by Mitch Kokai
Senior Political Analyst, John Locke Foundation
Michael Pearce writes for the Martin Center about why art matters.
What do conservatives want to conserve? Clearly, conservatives everywhere desire the preservation and maintenance of the good things belonging to their various cultures that have been passed down from previous generations to their present time. That desire also implies conservatives wish to continue their cultural inheritance by passing these benefits on to their children and future generations. That is why teaching culture at universities and schools is important to conservatives.
People who claim to be conservatives, but do not participate in the perpetuation of these good things are deluding themselves. Partisan and pedantic, they corrode the conservative image to the point of appearing philistine. That false presentation of conservatism harms its reputation. …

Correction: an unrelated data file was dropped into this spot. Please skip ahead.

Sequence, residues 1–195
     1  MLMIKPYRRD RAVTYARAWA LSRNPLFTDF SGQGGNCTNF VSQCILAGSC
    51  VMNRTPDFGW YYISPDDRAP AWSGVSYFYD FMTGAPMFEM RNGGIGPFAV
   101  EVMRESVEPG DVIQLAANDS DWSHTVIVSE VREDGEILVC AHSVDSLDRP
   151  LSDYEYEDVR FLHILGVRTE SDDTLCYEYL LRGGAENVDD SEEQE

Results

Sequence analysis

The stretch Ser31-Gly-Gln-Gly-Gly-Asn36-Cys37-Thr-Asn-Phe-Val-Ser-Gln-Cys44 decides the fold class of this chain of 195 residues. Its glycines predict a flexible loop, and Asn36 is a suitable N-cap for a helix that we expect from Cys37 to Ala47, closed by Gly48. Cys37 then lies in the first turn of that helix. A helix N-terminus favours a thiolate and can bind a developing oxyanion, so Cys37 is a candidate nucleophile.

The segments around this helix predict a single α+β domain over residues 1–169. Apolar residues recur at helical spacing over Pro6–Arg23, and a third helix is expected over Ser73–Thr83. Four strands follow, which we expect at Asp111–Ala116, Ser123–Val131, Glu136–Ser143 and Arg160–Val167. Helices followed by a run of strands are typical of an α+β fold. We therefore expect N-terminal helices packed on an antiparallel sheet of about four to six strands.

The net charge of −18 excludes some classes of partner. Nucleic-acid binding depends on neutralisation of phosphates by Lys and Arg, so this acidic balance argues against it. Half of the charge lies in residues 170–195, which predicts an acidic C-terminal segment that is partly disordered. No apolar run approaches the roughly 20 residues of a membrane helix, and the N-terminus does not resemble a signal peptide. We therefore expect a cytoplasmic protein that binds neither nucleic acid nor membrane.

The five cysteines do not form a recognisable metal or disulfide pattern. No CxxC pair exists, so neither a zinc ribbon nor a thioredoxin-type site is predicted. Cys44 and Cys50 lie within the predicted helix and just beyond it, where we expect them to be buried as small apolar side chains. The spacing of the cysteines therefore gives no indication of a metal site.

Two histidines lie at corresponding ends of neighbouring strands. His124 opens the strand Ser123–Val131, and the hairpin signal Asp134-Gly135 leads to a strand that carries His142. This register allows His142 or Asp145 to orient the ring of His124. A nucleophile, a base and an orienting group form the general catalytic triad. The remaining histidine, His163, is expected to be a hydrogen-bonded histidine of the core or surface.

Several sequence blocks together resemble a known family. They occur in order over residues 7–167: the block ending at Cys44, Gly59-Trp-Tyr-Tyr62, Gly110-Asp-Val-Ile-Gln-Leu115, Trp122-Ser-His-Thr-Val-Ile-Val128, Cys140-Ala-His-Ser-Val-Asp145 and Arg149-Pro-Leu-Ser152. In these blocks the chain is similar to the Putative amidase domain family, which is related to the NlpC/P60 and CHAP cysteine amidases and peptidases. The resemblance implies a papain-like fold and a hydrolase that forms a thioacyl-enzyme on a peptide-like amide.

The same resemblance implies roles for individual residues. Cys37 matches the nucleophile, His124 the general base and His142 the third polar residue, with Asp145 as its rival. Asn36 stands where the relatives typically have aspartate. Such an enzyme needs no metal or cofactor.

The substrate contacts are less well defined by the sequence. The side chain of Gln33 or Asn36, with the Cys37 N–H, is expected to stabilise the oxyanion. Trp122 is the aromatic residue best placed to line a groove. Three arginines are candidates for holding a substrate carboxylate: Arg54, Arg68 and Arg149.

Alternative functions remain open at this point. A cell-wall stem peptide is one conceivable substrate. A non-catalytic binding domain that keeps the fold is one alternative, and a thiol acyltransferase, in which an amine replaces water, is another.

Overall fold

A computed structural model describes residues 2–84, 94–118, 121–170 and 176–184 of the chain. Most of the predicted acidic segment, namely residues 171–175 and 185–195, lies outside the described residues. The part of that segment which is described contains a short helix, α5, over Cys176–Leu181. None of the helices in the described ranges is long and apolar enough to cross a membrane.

… Consequently, it is disturbing to witness the reckless abandonment of the arts apparent in contemporary conservative America.
Cultural outlets that viewers might expect to be reliably conservative do little to suggest that they are the champions of the good things of the past—or that they have any idea of how these good things might address the present or the future. An online survey of news stories about the arts on the Fox News website, for example, reveals a desperate shortfall in coverage, which should cause embarrassment to all Americans claiming to champion the conservative cause. Thankfully, some evidence shows that the situation is improving. After a decade of neglect, National Review has done the right thing and now publishes regular stories about some of the excellent American art of the past. However, it has yet to begin considering living artists who carry the Western artistic tradition.